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Over-the-Counter Sale of Allergy Drug Approved

FDA action is expected to cut monthly cost from $60 to under $20.

November 28, 2002|Vicki Kemper | Times Staff Writer

WASHINGTON — The Food and Drug Administration on Wednesday approved over-the-counter sales of the drug Claritin, clearing the way for allergy sufferers to buy the popular antihistamine without a doctor's prescription as soon as next month.

The FDA action will directly benefit consumers -- particularly those with no health insurance and those whose insurance does not cover prescription drugs.

A month's supply of Claritin sold over the counter will probably cost less than $20, industry experts said, and generic versions are likely to be even less expensive. A Claritin prescription now costs $60 or more.

Perhaps even more significant, however, the government's decision could signal a new phase in efforts to control health-care spending, one that pits the insurance industry against pharmaceutical manufacturers.

The decision "sets an important precedent for all of us striving to protect the affordability of prescription drugs," said Robert Seidman, chief pharmacy officer of WellPoint Health Networks, the Thousand Oaks-based insurer that first petitioned the government about Claritin's status.

WellPoint, whose 13 million members include 6 million in California, spent more than $40 million on Claritin prescriptions last year. On top of that, WellPoint members spent $15 to $17 in co-payments for each prescription.

Prescription drug spending is, at roughly 16% a year, the fastest-growing component of overall health-care costs. Brand-name drug manufacturers have strongly resisted congressional and regulatory efforts to make medications more affordable.

More than 41 million Americans have no health coverage, and rising health costs -- including double-digit premium increases that are being passed from insurer to employer to employee -- are likely to leave even more Americans uninsured, experts say.

Claritin was introduced in 1993 as a medication that could relieve sneezing, runny noses and other allergy symptoms without causing drowsiness.

Its manufacturer, Schering-Plough Corp., marketed Claritin as a major advance in allergy treatment, and it soon became the company's top-selling drug.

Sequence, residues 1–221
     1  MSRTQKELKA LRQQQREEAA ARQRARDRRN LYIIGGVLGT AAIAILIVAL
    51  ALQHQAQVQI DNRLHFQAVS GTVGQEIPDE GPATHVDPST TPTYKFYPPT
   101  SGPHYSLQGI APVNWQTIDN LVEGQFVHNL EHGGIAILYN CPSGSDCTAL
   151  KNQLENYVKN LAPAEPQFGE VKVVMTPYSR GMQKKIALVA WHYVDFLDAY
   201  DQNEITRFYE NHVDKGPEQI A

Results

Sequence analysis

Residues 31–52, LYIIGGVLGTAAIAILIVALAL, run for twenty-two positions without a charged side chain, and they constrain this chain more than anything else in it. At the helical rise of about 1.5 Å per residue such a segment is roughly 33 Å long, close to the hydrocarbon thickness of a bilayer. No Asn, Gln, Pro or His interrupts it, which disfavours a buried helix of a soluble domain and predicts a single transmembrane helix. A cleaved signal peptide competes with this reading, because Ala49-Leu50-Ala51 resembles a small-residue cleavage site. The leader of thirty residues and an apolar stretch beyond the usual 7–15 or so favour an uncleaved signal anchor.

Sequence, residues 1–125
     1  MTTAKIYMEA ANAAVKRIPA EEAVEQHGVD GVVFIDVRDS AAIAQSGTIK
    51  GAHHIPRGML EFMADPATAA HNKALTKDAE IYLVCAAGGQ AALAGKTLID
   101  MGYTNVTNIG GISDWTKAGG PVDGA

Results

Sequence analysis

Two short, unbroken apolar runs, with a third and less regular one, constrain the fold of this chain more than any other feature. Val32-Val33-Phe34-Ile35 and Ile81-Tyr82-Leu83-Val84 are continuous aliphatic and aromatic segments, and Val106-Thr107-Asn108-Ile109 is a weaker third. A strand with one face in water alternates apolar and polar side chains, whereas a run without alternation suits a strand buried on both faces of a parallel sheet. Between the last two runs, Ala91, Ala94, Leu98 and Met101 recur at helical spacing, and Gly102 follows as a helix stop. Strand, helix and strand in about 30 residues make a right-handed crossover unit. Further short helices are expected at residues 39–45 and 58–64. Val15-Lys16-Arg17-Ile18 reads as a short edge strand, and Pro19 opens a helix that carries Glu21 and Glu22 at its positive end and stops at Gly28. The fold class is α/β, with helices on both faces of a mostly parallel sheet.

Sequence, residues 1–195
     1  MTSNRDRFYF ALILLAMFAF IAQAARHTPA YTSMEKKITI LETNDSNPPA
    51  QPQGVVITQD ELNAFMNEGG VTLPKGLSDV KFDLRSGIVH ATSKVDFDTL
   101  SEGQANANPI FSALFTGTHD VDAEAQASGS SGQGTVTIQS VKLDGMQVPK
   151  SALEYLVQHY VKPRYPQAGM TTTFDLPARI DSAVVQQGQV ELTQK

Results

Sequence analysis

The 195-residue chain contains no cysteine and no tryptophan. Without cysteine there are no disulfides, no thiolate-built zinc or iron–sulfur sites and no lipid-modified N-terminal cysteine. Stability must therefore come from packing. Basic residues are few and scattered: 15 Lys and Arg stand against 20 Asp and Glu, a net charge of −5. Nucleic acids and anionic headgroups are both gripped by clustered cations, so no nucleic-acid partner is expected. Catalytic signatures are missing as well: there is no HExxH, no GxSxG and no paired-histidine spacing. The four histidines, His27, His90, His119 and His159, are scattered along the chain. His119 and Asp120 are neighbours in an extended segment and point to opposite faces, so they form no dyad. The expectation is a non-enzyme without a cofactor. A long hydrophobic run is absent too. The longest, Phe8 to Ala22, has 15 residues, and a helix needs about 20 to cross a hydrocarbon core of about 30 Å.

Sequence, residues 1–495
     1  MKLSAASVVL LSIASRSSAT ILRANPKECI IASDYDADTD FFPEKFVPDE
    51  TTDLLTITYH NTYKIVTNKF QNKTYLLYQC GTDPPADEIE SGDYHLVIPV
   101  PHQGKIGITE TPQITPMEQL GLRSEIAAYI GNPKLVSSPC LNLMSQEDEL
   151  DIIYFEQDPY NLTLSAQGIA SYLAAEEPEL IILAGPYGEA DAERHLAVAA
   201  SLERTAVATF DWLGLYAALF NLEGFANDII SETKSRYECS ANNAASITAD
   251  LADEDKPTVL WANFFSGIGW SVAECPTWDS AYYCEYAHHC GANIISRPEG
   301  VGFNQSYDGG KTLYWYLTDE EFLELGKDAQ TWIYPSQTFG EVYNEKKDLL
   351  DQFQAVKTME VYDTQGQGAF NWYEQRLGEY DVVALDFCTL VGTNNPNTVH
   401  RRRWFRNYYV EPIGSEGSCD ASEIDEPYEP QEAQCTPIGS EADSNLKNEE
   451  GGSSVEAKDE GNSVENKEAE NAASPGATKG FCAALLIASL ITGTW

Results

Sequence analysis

By 2000, only eight other drugs were prescribed more often than Claritin, and only two -- the anti-inflammatory Vioxx and the anti-ulcer Prilosec -- were marketed more heavily.

WellPoint officials have for years monitored drug use very carefully, Seidman said, because "we have a responsibility to provide broad access to affordable health care."

In 1998, the insurer became the first non-pharmaceutical concern to petition the FDA to change the status of a drug.

WellPoint also asked the agency to make not only Claritin but also the antihistamines Allegra and Zyrtec available over the counter.

While those so-called second-generation antihistamines account for as much as 7% of all U.S. spending on prescription drugs, WellPoint officials argued that the drugs clearly met the FDA's standards for over-the-counter sales.

Federal regulations require that drugs that are sold over the counter must treat a condition that patients can diagnose and manage themselves.

The drugs must also be safe for a consumer to use without medical supervision, and they must have labels that clearly explain what side effects the drugs might have and how they should be taken.

In a vote last year, an FDA advisory committee agreed with WellPoint that all three drugs met these standards.

But the agency took no action until Wednesday. And even then, it acted only on Claritin, and officials stressed that the decision was related not to the petition from WellPoint but to an application made by Schering-Plough.

The drug manufacturer, whose U.S. sales of Claritin totaled $2.7 billion last year, initially resisted the WellPoint petition.

But in February, Schering-Plough won FDA approval of Clarinex, a drug it is marketing as even better than Claritin because it can treat symptoms caused by indoor, as well as outdoor, allergens.

In March, Schering-Plough announced that it was "pushing FDA to move Claritin to over-the-counter," company spokesman William O'Donnell said Wednesday.

The company's patent on Claritin expires Dec. 19.

There is no timetable for the FDA to decide whether Allegra and Zyrtec should be made available over the counter, Dr. Robert Meyer, the agency's director on nonprescription drug evaluations, said Wednesday.

But Aventis, the maker of Allegra, said Wednesday that it was "working to expand its range of new formulations and potential uses" of the drug.

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